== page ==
Language Selection

English French German Italian Portuguese Spanish

Linux Goes Mainstream

Filed under
Linux

When Oracle's buttoned-down president Charles Phillips gives the opening keynote address and there's not a silly penguin costume in sight, you know the grownups are in charge at this year's LinuxWorld.

After two days, the big Linux trade show here hasn't produced any big surprises or high drama. But there is plenty of evidence that the alternative operating system is sitting solidly in the mainstream. So solidly that "over 50% of our customers will use Linux in the next five years, if not sooner," Phillips said.

By most measures, Linux is growing faster than any other operating system, although the same measures show that the free alternative is still very much a minority in both business and home computing. In 2004, sales of Linux server software grew by 44% to $4.25 billion. But the overall market, which is still dominated by Unix and Windows, totaled $46.2 billion, according to market researcher IDC.

Even David Patrick, who heads the Linux efforts of Novell, admits that a world in which most people run Linux on their desktop computers -- a bit of hype that once received a surprisingly credulous reception -- is far off. "We feel like it is a long road for us. It certainly has not been an overnight shift," he told reporters on Tuesday.

Still, Novell, which seemed slow to get off the mark in the Linux business and still lags well behind rival Red Hat, has had some significant wins this week.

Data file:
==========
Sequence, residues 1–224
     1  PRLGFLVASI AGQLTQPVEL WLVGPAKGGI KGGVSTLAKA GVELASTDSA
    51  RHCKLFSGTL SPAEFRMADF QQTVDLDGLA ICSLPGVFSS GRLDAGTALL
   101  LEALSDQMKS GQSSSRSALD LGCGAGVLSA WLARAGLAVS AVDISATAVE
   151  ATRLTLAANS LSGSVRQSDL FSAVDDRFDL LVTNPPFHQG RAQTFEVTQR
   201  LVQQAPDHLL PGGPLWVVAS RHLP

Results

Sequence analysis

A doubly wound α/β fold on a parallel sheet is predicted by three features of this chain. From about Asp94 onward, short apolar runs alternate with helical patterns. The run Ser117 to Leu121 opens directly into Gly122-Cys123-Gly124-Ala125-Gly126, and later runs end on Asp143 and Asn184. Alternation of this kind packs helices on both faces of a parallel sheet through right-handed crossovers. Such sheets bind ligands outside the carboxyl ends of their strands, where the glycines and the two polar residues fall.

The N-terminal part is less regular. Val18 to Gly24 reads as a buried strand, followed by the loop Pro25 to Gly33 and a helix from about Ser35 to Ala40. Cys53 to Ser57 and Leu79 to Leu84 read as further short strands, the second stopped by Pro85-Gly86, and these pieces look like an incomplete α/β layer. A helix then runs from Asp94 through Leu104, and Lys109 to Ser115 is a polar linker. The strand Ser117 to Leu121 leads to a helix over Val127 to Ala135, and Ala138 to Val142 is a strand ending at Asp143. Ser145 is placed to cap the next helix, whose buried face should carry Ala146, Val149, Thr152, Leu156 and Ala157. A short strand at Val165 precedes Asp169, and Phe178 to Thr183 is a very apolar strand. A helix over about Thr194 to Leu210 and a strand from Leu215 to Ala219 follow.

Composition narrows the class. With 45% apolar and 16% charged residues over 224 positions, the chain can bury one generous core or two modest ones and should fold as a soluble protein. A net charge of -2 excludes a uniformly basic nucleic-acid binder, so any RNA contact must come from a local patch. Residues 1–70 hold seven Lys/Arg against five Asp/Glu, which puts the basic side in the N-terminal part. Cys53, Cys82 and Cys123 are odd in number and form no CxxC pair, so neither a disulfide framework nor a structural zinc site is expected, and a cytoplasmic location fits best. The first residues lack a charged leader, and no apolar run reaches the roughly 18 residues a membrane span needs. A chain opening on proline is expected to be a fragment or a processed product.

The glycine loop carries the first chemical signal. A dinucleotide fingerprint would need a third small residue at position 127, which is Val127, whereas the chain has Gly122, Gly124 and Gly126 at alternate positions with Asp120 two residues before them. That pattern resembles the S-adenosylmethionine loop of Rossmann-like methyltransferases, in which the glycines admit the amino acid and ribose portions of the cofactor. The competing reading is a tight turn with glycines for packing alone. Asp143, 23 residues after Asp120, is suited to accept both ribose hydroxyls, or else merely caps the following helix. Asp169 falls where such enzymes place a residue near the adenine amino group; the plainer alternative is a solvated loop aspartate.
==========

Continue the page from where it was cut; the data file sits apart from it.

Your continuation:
Full Article.

More in Tux Machines

Linux 4.16-rc2

It's been a quiet week, and rc2 is out. I take the fairly quiet rc be a good sign for 4.16, but honestly, rc2 is often fairly calm. That's probably because people are taking a breather after the merge window, but also simply because it might take a while to find any issues. But let's be optimistic, and just assume - at least for now - that it's because all is well. The diffstat is fairly odd, but that often happens with small rc's just because then just a couple of pulls will skew things easily in one or two directions. This time the patch is about one third architecture updates (arm64, x86, powerpc), one third tooling (mostly 'perf') and one third "rest". And yes, the bulk of that rest is drivers (gpu, nvme, sound, misc), but those drivers are still distinctly *not* the bulk of the whole patch. Go out and test, it all looks fine. Read more Also: Linux 4.16-rc2 Kernel Released

OpenStreetMap in IkiWiki and Why OpenStreetMap is in Serious Trouble

  • OSM in IkiWiki
    Since about 15 years ago, I have been thinking of creating a geo-referenced wiki of pubs, with loads of structured data to help searching. I don't know if that would be useful for anybody else, but I know I would use it! Sadly, the many times I started coding something towards that goal, I ended blocked by something, and I keep postponing my dream project.
  • Why OpenStreetMap is in Serious Trouble
    That said, while I still believe in the goals of OpenStreetMap, I feel the OpenStreetMap project is currently unable to fulfill that mission due to poor technical decisions, poor political decisions, and a general malaise in the project. I'm going to outline in this article what I think OpenStreetMap has gotten wrong. It's entirely possible that OSM will reform and address the impediments to its success- and I hope it does. We need a Free as in Freedom geographic dataset.

Linux KPI-Based DRM Modules Now Working On FreeBSD 11

Thanks to work done by Hans Petter Selasky and others, this drm-next-kmod port is working on FreeBSD 11 stable. What's different with this package from the ports collection versus the ported-from-Linux Direct Rendering Modules found within the FreeBSD 11 kernel is that these DRM modules are using the linuxkpi interface. Read more

Fedora and Red Hat's Finances